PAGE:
Now consider a bit complex case. Is the beneficial interest a “financial interest”?

Illustration of a Foreign Trust .

Consider the illustration of an Indian Resident – Mr. IR. He sent abroad his Indian black money worth $ 10,000. His consultant in a tax haven settled a trust for him. Some NRIs act as trustees. This trust holds hundred percent shares in two separate companies. One company invests and operates outside India $ 2,500. Another company operates in India. The trust has invested $ 7,500 in India. The Indian company has grown and now shares are worth $ 30,000. Can Mr. IR say that since $ 30,000 are located in India, they do not constitute Tax Base under BML? See these facts in the chart below.

(Space kept blank due to the chart below:….. )

Observation: Beneficial Interest in trust and shares in Co. are also assets.

An asset is held by a series of intermediate entities. The interest in each foreign entity is a foreign asset. Even if final asset is held in India, the foreign asset will be exposed to BML & FEMA. Thus his total foreign assets of $ 32,500 are Tax Base under BML.

13. Discretionary Trust:

(i) If a discretionary trust is properly documented, an Indian Resident included in the list of beneficiaries is not liable to tax under BML. Simple reason for this legal position is: It is entirely at the discretion of the trustees to give or not to give any amount to any beneficiary. Unless and until the trustees allot any amount to the beneficiary, he is not the owner of a single rupee of the trust fund. He has no vested interest in the trust fund. Apply this legal position to the provisions of BML. Different provisions are considered below.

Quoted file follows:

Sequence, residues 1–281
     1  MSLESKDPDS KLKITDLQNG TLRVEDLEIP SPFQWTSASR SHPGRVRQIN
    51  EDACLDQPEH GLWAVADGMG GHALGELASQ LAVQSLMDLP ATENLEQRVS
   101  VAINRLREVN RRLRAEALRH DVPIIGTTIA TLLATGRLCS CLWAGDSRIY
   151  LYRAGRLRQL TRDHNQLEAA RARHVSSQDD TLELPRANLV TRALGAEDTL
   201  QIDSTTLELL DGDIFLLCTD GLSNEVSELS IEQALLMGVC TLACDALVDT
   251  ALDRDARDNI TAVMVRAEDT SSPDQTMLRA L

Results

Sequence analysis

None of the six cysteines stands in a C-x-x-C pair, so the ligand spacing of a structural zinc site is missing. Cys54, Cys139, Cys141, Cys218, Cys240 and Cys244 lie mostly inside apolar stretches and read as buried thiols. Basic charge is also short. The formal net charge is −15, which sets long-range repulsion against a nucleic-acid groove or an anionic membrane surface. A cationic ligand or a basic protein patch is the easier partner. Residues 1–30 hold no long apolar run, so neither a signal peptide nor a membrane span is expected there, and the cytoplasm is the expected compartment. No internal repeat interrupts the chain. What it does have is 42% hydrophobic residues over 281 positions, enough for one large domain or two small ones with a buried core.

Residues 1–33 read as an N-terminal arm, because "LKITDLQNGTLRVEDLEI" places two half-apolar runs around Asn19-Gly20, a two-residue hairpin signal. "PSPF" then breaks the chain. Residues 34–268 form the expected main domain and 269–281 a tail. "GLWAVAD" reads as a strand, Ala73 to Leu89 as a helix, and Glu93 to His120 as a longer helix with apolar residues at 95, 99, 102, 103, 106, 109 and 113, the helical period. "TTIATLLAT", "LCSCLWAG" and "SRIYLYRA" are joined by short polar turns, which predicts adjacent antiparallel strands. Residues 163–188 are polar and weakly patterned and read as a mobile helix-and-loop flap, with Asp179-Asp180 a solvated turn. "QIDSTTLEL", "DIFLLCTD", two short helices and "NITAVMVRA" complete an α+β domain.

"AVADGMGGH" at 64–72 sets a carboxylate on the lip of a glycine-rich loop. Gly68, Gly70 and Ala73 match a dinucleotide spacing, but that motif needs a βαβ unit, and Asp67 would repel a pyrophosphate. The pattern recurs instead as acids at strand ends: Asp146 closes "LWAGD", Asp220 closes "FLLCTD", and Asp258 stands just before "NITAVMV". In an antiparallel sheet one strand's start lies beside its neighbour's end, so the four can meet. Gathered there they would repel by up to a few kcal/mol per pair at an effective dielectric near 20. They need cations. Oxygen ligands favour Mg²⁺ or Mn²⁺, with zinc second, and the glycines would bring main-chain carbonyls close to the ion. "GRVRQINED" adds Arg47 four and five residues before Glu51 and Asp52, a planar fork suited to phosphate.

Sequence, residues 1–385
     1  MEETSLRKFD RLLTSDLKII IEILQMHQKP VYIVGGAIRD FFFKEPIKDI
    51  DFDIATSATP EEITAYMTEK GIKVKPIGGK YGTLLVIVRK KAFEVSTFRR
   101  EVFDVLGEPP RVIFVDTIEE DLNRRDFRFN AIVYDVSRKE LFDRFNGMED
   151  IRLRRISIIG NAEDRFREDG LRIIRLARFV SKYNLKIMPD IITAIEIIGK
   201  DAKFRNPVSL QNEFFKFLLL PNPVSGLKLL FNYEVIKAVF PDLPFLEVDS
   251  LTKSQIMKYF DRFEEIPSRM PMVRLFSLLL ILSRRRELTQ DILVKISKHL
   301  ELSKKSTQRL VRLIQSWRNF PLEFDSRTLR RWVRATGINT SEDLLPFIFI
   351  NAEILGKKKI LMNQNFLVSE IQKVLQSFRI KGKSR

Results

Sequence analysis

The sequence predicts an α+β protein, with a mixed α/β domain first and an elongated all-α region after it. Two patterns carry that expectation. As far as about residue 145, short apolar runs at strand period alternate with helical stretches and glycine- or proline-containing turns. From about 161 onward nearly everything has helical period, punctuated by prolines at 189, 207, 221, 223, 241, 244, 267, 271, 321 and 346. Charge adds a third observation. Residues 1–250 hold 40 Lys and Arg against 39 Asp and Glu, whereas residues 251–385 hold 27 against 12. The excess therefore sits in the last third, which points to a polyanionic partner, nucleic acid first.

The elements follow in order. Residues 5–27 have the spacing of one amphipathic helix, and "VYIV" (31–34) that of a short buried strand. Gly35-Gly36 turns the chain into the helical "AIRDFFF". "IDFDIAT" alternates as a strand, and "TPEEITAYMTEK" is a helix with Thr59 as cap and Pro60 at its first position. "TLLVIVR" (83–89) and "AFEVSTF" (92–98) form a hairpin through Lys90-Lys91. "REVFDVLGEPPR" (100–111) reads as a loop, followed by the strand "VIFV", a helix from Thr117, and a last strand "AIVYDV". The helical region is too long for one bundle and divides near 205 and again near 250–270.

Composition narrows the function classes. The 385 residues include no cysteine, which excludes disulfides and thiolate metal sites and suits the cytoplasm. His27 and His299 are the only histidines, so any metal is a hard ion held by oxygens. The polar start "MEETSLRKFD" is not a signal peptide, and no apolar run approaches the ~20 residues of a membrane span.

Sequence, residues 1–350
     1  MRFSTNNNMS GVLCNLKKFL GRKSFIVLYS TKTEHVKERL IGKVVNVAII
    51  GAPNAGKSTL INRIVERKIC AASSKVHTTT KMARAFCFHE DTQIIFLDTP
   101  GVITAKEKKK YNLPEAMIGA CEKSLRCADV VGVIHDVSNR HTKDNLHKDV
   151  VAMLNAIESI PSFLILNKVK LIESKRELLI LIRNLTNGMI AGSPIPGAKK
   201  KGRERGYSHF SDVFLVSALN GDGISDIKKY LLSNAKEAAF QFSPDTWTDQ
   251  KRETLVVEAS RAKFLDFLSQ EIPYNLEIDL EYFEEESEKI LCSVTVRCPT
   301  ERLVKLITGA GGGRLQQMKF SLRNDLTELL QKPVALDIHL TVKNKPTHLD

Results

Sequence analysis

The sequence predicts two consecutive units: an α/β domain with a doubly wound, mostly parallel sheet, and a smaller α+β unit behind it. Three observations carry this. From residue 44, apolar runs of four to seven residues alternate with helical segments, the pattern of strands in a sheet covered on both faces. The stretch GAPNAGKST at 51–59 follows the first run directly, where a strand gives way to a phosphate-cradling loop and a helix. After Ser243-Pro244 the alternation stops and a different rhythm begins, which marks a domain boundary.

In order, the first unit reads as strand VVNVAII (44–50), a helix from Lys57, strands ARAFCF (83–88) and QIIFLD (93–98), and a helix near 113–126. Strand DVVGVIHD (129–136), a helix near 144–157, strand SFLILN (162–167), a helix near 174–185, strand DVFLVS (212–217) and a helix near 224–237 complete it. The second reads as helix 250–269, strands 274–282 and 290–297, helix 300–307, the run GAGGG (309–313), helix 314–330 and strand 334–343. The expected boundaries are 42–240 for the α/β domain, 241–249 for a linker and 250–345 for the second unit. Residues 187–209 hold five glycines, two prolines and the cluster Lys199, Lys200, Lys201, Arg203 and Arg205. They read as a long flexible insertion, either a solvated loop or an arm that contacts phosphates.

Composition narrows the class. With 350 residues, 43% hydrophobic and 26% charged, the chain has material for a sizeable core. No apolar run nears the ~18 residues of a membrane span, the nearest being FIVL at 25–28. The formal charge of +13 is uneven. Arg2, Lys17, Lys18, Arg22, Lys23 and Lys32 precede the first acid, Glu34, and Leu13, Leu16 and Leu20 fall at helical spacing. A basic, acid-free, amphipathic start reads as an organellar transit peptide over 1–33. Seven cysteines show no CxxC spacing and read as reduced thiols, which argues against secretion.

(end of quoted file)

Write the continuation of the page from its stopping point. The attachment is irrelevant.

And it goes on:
(ii) Section 2 (11) Undisclosed asset located outside India means …. an asset …. “HELD” by the assessee. In the case of a discretionary trust, the beneficiary holds nothing. All assets are held by trustees.

(iii) Section 2 (11) Undisclosed asset located outside India means an asset in respect of which the assessee is a “beneficial owner”. In a discretionary trust, the beneficiary owns nothing.

(iv) Section 4 (1) Scope of black money - …… “foreign ….. asset ….. of an assessee shall be, ….”.

Since none of the trust fund belongs to the beneficiary, it cannot be said that they are: “assets of an assessee”. Hence the trust fund in a discretionary trust is outside the scope of BML. Hence such trust assets are not liable for tax etc. under BML.

14. Consider illustration of a foreign trust deed which is faulty. For example, in a discretionary trust, there is only one beneficiary. In such a case, the trustees have no discretion except to give all the assets and income to that individual beneficiary. Trustees may postpone distribution. But can’t give the trust fund or income to anyone else. In such a case, the beneficiary has a “Financial Interest” in the trust fund. This asset can be liable to tax under BML.